The Federal Communications Commission has issued a Report and Order that gives voice service providers more power to block calls they deem likely to be a specific type of scam call while also announcing it is expanding its work with law enforcement agencies across the globe.
The orders are in conjunction with the FCC’s efforts to comply with the Pallone-Thune Telephone Robocall Abuse Criminal Enforcement and Deterrence (TRACED) Act.
The type of scam call covered in the order are what is known as one-ring calls, where the perpetrator places a call to an individual, whose phone rings once. The individual, unsure of who called, then calls that number back, not knowing that the call is a toll call, the proceeds of which are shared by the scammer and the other perpetrators. In some variations of the scam, the scammer leaves a voicemail message attempting to induce a call back from the recipient.
In issuing the order, the FCC is allowing voice service providers to automatically block calls “that are highly likely to be associated” with one-ring scams. As well, the FCC extended a safe harbor to voice service providers who inadvertently block legitimate calls “using reasonable analytics.”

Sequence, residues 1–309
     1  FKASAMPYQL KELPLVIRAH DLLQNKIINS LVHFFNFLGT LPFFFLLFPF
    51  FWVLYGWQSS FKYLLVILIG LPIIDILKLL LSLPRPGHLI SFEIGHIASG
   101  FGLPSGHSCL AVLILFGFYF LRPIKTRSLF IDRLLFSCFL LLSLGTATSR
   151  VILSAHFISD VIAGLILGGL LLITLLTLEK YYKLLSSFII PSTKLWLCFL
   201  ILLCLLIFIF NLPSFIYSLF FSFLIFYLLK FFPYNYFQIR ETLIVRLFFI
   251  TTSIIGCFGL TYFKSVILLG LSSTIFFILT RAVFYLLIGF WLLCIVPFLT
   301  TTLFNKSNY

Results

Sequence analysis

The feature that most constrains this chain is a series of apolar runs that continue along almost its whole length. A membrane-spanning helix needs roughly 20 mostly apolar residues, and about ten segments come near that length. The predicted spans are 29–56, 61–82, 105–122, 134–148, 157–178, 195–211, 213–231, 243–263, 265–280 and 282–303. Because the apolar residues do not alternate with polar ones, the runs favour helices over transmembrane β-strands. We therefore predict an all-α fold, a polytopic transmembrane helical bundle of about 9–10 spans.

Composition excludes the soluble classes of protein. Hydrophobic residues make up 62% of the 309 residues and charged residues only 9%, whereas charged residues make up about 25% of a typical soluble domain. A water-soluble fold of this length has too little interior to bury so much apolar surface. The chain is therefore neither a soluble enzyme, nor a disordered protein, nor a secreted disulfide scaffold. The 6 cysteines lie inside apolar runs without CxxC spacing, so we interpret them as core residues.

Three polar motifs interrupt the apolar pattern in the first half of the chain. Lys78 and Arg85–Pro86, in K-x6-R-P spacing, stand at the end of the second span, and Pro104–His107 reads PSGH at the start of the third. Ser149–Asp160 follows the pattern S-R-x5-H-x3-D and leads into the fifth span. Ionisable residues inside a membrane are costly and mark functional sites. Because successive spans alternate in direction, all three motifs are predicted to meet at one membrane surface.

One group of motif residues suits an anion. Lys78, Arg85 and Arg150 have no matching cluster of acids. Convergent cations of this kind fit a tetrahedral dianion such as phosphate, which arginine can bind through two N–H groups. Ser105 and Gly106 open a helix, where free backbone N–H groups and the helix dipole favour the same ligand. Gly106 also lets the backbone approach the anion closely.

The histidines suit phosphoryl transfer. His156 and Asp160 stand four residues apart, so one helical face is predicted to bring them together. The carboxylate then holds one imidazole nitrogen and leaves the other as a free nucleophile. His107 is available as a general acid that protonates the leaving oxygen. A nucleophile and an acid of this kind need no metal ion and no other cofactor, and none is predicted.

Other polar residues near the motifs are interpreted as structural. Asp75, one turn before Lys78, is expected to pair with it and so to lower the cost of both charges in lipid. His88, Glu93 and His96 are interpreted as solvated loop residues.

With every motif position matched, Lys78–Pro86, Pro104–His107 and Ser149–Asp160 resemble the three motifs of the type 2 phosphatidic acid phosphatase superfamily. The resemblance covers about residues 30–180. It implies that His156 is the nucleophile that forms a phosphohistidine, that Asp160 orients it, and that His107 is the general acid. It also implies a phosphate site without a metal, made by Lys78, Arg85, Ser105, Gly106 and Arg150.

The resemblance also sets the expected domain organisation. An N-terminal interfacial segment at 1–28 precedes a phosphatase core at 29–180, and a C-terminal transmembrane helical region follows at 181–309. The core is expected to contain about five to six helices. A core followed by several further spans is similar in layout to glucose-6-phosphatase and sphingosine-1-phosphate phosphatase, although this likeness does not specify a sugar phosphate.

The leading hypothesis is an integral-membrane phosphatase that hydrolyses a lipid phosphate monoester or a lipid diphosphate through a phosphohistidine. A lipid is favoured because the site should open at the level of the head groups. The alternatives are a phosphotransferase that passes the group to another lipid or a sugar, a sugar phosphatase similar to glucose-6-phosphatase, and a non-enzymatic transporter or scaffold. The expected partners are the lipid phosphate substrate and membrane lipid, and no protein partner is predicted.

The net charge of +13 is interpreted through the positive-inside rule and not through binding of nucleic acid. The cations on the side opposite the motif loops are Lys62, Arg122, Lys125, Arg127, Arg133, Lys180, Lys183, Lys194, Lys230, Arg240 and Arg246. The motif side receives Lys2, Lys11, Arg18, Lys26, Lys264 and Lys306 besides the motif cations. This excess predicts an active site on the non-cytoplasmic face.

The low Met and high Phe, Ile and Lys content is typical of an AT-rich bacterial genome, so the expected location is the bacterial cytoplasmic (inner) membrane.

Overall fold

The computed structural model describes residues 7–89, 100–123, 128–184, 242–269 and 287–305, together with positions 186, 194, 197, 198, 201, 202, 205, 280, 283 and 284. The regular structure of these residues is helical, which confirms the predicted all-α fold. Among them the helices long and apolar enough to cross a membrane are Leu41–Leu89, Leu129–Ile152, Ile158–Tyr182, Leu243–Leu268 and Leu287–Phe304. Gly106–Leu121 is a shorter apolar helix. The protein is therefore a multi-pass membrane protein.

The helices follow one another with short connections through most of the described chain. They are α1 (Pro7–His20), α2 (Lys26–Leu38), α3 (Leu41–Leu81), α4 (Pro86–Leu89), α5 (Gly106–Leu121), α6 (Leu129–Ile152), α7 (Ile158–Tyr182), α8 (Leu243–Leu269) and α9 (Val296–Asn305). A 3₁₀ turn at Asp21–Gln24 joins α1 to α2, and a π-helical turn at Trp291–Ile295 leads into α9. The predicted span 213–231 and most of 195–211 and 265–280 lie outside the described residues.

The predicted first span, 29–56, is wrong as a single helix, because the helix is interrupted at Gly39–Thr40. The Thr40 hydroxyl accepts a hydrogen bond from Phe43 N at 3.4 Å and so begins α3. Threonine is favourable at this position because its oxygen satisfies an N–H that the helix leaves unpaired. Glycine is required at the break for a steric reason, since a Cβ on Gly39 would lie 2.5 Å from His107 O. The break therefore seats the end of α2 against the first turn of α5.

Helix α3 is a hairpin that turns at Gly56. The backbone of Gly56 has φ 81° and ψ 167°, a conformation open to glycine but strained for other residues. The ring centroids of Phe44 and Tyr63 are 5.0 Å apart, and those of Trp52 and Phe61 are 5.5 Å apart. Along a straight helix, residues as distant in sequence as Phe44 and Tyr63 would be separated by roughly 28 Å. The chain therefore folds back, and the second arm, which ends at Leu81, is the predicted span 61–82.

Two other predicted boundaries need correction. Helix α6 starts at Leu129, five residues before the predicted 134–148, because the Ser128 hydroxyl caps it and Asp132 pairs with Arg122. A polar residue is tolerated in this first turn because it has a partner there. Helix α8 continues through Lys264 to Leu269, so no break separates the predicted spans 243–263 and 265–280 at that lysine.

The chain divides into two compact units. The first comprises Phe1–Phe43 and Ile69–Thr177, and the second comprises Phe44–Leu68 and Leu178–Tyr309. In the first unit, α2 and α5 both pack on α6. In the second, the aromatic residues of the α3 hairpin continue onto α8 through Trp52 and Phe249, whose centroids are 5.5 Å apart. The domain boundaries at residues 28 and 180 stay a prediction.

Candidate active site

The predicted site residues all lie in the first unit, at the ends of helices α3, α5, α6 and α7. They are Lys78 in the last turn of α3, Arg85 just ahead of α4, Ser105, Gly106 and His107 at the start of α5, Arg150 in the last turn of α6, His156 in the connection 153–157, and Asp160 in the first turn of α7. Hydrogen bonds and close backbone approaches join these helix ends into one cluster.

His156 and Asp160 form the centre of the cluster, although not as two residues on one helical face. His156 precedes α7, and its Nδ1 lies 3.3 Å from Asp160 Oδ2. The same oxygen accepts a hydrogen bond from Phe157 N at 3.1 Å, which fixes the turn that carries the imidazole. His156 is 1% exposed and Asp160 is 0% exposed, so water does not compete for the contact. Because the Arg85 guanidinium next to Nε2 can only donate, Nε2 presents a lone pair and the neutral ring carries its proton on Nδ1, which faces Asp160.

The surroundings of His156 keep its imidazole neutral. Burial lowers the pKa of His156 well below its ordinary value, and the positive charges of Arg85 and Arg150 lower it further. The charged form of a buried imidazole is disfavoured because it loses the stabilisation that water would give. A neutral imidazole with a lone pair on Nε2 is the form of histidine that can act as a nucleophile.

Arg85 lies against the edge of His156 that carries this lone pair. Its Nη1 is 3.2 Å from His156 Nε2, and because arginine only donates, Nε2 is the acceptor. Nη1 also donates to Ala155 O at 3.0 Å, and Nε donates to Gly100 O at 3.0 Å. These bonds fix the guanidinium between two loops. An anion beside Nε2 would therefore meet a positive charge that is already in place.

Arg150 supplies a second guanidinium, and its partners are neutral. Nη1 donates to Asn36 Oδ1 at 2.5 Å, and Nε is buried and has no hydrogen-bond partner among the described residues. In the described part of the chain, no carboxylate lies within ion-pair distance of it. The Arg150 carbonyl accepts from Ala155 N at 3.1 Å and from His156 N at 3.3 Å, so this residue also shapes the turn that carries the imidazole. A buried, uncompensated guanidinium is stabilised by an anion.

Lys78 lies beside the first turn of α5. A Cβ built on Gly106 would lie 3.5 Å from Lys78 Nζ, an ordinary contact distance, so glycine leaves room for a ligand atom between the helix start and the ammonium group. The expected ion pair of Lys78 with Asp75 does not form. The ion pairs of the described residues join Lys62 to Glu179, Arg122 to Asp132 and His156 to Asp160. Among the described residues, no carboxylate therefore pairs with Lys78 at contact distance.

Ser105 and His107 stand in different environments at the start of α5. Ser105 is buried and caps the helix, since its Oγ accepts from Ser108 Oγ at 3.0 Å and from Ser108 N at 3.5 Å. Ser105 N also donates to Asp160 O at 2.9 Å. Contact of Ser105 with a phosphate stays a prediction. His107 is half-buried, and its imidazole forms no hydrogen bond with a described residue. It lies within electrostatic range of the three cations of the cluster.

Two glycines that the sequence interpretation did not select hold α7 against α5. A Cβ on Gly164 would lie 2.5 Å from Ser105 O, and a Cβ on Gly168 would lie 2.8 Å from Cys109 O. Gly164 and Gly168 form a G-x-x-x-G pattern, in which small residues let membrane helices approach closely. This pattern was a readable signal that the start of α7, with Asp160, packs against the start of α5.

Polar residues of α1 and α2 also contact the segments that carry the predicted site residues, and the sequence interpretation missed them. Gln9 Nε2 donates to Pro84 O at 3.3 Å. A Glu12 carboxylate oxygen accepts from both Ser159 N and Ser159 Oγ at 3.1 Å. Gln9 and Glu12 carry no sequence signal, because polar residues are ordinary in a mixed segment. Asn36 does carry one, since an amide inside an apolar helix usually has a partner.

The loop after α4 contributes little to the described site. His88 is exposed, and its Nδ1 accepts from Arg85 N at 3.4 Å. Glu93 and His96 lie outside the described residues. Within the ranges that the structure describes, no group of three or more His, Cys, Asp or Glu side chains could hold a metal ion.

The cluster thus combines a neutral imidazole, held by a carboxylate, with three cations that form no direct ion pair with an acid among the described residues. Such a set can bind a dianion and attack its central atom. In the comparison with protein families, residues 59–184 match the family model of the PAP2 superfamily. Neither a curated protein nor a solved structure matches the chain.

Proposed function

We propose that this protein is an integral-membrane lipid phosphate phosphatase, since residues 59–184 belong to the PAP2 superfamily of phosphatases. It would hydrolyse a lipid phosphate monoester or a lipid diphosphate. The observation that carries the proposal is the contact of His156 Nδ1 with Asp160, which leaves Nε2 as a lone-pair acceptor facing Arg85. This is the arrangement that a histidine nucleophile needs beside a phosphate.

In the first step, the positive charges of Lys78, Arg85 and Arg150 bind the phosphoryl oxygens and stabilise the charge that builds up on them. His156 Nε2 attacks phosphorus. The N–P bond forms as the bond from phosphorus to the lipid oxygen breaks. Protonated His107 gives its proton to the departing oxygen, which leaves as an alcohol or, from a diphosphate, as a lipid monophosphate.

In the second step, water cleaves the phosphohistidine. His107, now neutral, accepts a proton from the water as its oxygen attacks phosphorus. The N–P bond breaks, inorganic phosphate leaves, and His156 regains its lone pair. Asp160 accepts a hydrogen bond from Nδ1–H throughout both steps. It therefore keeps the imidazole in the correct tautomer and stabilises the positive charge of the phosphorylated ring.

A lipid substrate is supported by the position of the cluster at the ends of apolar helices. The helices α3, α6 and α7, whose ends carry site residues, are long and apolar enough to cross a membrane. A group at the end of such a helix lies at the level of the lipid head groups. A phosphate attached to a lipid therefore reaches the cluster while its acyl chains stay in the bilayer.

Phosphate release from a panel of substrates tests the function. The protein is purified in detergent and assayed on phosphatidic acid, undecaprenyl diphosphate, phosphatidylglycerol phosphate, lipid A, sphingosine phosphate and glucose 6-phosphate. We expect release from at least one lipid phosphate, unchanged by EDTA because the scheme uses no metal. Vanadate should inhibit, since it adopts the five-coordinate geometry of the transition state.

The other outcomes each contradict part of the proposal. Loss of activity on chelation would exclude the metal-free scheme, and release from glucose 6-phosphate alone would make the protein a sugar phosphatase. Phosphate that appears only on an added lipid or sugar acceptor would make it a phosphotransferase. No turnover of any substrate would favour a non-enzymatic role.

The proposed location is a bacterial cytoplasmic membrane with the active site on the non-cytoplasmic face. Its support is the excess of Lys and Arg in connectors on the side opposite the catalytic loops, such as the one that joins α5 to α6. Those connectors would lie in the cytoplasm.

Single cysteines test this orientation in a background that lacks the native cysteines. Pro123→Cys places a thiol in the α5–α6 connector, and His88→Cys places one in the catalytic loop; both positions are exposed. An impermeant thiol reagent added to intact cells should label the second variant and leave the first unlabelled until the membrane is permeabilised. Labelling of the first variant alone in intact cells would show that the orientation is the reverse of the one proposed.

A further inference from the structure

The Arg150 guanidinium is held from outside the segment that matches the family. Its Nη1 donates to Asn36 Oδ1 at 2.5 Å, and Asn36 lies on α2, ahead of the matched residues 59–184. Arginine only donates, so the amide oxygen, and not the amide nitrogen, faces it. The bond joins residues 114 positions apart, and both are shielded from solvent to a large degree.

The safe harbor, the FCC hopes, will allow voice service providers to more aggressively block calls thought to be one-ring scam calls. “… the rule
we adopt today will remove any doubt that voice service providers may lawfully use reasonable analytics to identify and block calls that appear to be one-ring scam calls, even if such identification proves to be erroneous in any particular instance; that they may do so without fear of liability for inadvertently blocking wanted calls; and that they may do so on a network-wide basis,” the FCC said in its order.